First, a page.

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Developer Mode

PRE-RELEASE WARNING

This is documentation for as yet unreleased features and is subject to change. Custom syntax definitions are not currently available in Drafts, but will be coming later this year. This documentation is provided to request feedback from parties interested in creating custom syntax definitions.

Table of Contents

  1. What is Developer Mode?
  2. Enabling Developer Mode PRO
  3. Developer Workflow
    1. Workflow for Syntaxes
    2. Workflow for Themes

What is Developer Mode?

Developer mode is an option in Draft settings that enabled access to file-based custom syntax and theme definitions. When enabled, custom syntax definitions stored in iCloud Drive/Drafts/Library/Syntaxes, and custom themes stored in iCloud Drive/Drafts/Library/Themes become available for selection in Editor Preferences.

These file-based syntaxes and themes should only be used for developement purposes. When you have finished a syntax or theme you wish to use in the app, it should be imported into Drafts, so it will sync to all your devices, and load in a performant manner.

Enabling Developer Mode PRO

To enable developer mode, turn on the option in Drafts Preferences. Generally speaking, it’s best to leave the option off if you are not actively working on developing or maintaining custom syntax or theme definitions.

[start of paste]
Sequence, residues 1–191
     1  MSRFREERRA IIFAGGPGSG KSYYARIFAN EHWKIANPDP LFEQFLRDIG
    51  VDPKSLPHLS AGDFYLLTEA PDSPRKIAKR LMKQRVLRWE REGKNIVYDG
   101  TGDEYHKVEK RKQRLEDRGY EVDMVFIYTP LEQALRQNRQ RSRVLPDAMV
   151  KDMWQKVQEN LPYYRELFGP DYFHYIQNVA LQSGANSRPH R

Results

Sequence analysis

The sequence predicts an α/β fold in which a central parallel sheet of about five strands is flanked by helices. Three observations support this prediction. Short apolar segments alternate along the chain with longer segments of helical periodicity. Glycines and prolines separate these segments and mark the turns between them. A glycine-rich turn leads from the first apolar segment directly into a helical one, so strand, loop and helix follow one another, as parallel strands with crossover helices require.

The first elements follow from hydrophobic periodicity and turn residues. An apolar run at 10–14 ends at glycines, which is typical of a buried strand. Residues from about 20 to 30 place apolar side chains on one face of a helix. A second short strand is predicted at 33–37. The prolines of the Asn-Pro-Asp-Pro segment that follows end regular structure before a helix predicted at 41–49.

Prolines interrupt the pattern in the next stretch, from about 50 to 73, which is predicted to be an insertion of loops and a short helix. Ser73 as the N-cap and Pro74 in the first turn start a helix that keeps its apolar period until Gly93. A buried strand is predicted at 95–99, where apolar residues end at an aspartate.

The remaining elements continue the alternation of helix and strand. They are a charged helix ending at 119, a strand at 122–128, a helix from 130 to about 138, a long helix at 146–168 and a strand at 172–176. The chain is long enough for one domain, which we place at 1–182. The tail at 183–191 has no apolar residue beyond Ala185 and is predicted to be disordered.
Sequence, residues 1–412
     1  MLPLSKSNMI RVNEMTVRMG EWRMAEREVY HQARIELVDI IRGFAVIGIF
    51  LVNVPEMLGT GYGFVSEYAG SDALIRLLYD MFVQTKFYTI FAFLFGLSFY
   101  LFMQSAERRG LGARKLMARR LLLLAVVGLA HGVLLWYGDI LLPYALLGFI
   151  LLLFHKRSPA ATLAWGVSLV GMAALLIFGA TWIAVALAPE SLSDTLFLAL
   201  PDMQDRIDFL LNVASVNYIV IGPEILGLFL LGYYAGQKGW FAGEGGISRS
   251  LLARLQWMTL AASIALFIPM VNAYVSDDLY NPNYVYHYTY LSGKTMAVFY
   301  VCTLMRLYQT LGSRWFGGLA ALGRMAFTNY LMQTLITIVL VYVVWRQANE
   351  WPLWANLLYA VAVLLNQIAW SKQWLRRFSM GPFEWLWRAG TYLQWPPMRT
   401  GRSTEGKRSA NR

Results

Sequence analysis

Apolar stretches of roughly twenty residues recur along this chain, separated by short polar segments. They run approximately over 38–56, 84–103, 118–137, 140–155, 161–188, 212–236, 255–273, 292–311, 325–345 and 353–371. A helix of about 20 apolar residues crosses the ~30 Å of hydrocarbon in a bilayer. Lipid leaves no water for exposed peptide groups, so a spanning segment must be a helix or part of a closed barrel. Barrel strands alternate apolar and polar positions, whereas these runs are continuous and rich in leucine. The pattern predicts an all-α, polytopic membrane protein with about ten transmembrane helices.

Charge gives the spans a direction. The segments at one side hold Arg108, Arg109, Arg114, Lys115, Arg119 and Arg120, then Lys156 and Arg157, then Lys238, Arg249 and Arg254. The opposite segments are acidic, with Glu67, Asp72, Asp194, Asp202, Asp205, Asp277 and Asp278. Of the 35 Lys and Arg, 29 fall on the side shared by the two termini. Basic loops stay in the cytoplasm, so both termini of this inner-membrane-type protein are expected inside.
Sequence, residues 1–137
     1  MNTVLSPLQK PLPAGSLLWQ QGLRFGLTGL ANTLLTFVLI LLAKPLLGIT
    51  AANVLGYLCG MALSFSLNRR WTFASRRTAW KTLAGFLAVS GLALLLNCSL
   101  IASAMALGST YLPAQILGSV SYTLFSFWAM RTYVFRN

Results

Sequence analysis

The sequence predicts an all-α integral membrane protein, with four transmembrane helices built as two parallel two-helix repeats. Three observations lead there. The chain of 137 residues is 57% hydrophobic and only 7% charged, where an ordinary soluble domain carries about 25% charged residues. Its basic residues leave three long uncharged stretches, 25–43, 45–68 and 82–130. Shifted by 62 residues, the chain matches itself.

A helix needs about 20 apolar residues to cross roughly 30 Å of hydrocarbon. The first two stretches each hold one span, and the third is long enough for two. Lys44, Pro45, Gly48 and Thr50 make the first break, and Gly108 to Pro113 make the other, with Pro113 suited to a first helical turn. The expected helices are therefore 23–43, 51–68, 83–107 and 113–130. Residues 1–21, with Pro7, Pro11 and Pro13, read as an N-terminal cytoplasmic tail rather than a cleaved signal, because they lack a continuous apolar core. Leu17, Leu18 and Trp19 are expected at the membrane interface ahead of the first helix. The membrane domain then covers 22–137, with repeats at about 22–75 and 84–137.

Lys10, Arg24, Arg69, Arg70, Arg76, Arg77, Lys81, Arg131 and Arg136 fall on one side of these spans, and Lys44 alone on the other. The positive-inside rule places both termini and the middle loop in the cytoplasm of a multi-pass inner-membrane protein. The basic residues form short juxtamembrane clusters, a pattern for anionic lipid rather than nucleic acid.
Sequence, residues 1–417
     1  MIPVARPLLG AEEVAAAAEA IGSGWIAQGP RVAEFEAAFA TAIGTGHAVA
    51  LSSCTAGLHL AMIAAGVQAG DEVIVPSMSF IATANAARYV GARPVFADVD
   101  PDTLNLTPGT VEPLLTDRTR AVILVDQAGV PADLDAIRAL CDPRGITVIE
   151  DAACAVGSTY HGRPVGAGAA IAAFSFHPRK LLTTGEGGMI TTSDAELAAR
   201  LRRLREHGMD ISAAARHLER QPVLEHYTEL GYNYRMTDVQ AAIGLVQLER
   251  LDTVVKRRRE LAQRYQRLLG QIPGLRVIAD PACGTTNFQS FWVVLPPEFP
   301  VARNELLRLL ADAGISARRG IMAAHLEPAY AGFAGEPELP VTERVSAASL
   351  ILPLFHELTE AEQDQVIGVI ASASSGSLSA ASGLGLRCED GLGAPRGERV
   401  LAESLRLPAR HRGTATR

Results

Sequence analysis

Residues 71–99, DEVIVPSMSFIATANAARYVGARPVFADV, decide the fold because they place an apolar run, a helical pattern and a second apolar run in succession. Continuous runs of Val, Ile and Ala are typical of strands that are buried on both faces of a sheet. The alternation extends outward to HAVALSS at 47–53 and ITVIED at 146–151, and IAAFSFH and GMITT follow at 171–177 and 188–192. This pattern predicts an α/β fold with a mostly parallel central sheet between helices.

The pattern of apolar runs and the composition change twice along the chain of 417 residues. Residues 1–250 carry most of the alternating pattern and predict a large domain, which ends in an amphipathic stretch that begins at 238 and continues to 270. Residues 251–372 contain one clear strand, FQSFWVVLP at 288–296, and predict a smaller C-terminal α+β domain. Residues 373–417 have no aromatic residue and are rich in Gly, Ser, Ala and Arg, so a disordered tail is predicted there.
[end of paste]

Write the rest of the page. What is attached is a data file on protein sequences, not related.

Developer Workflow

Once enabled, you can make custom syntax and theme definitions available to test in Drafts by placing them in the following folders:

  • Syntaxes: iCloud Drive/Drafts/Library/Syntaxes
  • Themes: iCloud Drive/Drafts/Library/Themes

These files should be in JSON format, saved with UTF-8 encoding. The preferred file extensions are .draftsSyntax for syntaxes, and .draftsTheme for themes, but .json files are fine while in development as well.

Drafts does not contain its own JSON editor, edit in your favorite JSON editing tool. Although you can edit JSON files in any text editor, because of the heavy reliance on regular expressions, and the need for properly escaping values, a dedicated JSON editor is helpful. A couple I have used and enjoy:

Workflow for Syntaxes

Generally speaking, the recommended workflow for developing a custom syntax is as below. These steps apply on both iOS and macOS.

  • Enable Developer Mode
  • In Drafts, choose an existing built-in or custom syntax that most closely matches the syntax you wish to develop. Select this syntax in editor preferences, and export is as a file using the availble share options. Save this file in iCloud Drive/Drafts/Library/Syntaxes (you may have to create this folder).
  • Open your new syntax file in an external JSON editor, make your modifications, and save the file.
  • In Drafts, create a testing draft with sample text for your syntax, and select your new file-based syntax as the syntax assigned to the draft.
  • As you iterate and make changes to your syntax, save the file, and reload it in Drafts by either selecting a different draft and returning to your testing draft, or re-assigning the syntax to force it to reload from file.
  • When you are happy with your syntax, import it into Drafts as a custom syntax using the “Import” options in editor preferences.
  • The imported custom syntax can be used in regular production mode.
  • Disable Developer Mode.

Workflow for Themes


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